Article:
With upland game birds, many hunters snip off the whole wing. This is a shame, because the drumette is not only tasty and large in pheasants and turkeys, but leaving it on allows you to make those airline breasts, or it serves as protection for the breast if you are going to roast a whole bird.
Start by snipping off the wing tips, if they are there. Use them for stock or broth. Next, use shears to snip off the flats. There is a joint you can take advantage of so you just snip through cartilage. Bend the wing a few times so you can visualize it.
Now comes the hardest part of cutting a whole chicken, pheasant or grouse: Removing the drumette. The drumette is attached at a joint tight under the front of the breast. The easiest way to spot it is to put the bird on its back and move the drumette back and forth. Slice down there.
If you cut in the right spot, you will go right through the soft cartilage and free the wing from the body. Don’t worry if you mess it up a few times; it takes practice to know exactly where that spot is.
Now slide the knife along the saber bone, which is a long, curved bone along the bird’s back that looks like a sword; you can see it in the picture above left. Slide the knife along that bone until you get to the joint, which will now be totally free from the body. Finish by removing the wing by cutting a little extra skin from the neck area.
Do this on both sides.
Breasting the Bird
There are a bunch of ways to breast out a chicken, pheasant or grouse. Some people lift up the whole breastbone and use shears to remove it at the wing joints. This is a nice method that preserves the skin on the breast — kinda sorta.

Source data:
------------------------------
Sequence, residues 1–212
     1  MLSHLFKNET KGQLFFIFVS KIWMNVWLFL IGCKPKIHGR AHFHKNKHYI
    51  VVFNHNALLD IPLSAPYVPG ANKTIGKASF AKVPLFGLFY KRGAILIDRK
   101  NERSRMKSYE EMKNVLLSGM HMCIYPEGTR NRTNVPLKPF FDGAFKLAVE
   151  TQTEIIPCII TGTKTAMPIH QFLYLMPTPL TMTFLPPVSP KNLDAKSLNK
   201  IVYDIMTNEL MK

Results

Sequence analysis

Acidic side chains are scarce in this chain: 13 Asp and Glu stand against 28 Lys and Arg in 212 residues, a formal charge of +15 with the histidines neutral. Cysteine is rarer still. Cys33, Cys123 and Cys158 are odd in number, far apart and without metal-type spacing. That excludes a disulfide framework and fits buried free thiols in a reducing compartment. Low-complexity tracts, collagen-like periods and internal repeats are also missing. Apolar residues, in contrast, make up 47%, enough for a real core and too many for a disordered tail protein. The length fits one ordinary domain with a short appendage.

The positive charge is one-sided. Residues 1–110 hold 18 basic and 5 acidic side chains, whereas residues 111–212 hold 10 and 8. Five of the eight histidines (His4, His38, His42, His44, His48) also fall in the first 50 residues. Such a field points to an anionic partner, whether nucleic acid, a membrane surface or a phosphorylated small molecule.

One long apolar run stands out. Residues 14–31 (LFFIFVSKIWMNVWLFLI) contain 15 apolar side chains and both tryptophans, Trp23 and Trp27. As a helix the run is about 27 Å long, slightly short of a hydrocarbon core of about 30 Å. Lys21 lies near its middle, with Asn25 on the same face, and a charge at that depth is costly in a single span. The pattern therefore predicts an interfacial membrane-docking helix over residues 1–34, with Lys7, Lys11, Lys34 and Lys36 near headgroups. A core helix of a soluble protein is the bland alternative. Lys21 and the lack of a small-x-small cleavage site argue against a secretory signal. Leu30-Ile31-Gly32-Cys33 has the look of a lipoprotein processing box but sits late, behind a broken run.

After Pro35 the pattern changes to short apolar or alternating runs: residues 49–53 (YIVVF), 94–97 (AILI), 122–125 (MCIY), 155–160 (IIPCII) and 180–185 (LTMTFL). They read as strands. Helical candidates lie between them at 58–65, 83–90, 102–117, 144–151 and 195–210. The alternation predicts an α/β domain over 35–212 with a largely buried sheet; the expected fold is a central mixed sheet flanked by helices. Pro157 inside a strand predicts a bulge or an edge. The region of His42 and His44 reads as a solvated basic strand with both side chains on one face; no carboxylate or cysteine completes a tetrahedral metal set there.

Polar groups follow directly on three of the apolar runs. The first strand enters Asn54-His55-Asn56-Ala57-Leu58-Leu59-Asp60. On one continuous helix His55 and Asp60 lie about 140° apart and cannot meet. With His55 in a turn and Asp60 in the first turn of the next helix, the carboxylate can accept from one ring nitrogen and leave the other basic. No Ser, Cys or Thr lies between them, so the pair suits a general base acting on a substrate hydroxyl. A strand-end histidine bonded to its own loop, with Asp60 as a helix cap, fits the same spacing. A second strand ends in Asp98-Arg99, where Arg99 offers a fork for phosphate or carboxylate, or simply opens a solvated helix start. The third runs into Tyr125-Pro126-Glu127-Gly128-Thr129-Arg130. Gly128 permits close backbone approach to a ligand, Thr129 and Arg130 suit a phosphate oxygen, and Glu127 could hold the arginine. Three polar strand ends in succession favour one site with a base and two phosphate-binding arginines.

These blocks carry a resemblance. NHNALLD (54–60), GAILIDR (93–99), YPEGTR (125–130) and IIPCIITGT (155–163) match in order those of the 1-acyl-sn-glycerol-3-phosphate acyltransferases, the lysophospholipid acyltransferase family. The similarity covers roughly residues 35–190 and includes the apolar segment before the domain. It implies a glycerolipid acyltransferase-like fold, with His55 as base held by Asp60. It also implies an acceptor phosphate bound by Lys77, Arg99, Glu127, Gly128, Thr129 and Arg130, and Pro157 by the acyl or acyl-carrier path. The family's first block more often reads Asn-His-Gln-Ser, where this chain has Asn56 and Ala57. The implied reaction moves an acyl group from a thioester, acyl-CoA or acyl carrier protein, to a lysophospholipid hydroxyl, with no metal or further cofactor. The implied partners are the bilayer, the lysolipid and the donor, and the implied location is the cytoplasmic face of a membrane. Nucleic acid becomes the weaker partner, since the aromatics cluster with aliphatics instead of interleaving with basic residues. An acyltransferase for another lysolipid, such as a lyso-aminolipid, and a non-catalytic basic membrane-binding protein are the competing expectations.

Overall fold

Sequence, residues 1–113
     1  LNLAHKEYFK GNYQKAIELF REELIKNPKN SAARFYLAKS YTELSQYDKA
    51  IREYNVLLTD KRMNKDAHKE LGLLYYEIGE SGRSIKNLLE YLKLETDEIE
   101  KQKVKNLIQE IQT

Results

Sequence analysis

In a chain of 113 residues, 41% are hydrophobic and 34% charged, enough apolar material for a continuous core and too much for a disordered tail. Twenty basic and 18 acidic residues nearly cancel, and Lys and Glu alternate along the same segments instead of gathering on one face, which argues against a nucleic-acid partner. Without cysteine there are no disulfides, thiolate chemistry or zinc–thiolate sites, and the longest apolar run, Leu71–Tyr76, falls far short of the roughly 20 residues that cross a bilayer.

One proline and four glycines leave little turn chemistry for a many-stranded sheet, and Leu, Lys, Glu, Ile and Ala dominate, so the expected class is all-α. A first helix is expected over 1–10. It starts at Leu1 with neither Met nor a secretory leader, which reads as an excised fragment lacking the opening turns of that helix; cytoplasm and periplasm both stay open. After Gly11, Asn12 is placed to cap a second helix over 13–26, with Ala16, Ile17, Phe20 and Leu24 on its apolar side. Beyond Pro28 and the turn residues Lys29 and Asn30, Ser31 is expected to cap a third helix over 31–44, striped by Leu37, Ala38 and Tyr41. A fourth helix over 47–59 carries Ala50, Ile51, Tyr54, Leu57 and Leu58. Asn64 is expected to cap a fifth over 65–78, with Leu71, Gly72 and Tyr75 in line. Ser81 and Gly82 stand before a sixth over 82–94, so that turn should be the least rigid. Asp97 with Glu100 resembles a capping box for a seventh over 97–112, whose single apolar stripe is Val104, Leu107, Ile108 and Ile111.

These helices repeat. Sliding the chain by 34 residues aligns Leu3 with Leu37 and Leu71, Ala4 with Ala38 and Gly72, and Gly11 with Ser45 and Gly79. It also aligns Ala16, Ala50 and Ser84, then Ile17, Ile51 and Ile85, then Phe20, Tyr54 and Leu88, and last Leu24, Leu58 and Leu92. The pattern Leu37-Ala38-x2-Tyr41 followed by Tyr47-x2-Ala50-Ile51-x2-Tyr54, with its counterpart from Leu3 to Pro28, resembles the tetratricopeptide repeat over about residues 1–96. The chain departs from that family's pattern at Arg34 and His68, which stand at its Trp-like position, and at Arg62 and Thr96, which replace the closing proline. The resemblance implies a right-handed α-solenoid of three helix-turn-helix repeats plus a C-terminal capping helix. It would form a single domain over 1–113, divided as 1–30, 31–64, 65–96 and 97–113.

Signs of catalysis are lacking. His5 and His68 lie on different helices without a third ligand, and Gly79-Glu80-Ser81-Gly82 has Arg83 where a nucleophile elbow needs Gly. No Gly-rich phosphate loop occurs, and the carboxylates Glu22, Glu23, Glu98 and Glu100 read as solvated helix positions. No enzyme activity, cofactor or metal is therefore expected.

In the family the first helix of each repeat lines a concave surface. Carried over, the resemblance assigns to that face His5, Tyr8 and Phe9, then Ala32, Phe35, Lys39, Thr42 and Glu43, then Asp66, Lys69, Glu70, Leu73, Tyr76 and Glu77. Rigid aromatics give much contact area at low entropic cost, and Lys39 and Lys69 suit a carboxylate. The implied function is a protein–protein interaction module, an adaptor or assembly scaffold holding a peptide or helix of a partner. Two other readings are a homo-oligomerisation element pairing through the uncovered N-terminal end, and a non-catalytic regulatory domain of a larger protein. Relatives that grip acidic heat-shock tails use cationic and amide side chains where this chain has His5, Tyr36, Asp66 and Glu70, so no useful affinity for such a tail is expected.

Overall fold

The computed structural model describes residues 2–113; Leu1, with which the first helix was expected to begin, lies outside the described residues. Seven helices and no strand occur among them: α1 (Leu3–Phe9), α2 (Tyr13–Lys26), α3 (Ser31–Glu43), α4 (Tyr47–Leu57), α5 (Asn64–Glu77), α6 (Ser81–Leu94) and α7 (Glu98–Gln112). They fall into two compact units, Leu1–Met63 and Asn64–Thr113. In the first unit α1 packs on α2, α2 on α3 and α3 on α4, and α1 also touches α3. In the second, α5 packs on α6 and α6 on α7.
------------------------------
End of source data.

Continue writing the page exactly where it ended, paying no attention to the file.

But chickens, pheasants, turkeys and some grouse are built in such a way that the skin coverage isn’t great once you remove the legs. This is very different from ducks and geese.
You’ll always have that gap where you removed the legs, so there will always be an area of the breast with no skin protection. So I pull off the skin. Yes, it seems like it’s defeating the point of cutting a whole chicken, pheasant or grouse, but I like to use that stray skin as either a chef’s treat or to make chicken or pheasant skin tacos. Simply cut the skin into pieces and fry them crispy. They’re amazing.
After that, slide your knife down right alongside the keel bone until you hit the breast bone. Tap the point of the knife on the breast bone as you slice back towards the tail, then up to the wishbone. Closely follow the wishbone with your knife.
Use you knife to carefully and gently free the breast from the bones. Always have the knife in contact with the bone so you don’t waste meat. If you mess up, all is not lost: Having some meat on the bones makes a better stock or broth later.
Don’t forget to remove the tender from inside the breast. On chickens it’s the same color as the breast. On many upland game birds, it’s lighter in color. You need to remove it because if you leave the tender on the breast when you cook it, it will curl up and cause that side of the breast to cook unevenly.
I save tenders from my birds and when I have enough, I use them in their own dish, like fried tenders or in a stir fry; they are perfect in kung pao chicken.
There you go. Now you’re done.
My advice: Take your time at first, study the pictures and feel free to ask me questions. Cutting a whole chicken, pheasant, turkey or grouse is not hard. Every bird will be easier than the last one you did, and with minor changes, this technique for cutting up a carcass works with any bird: ducks, geese, pigeons, you name it.
Once you get the hang of it, it only takes a few minutes to break down a bird.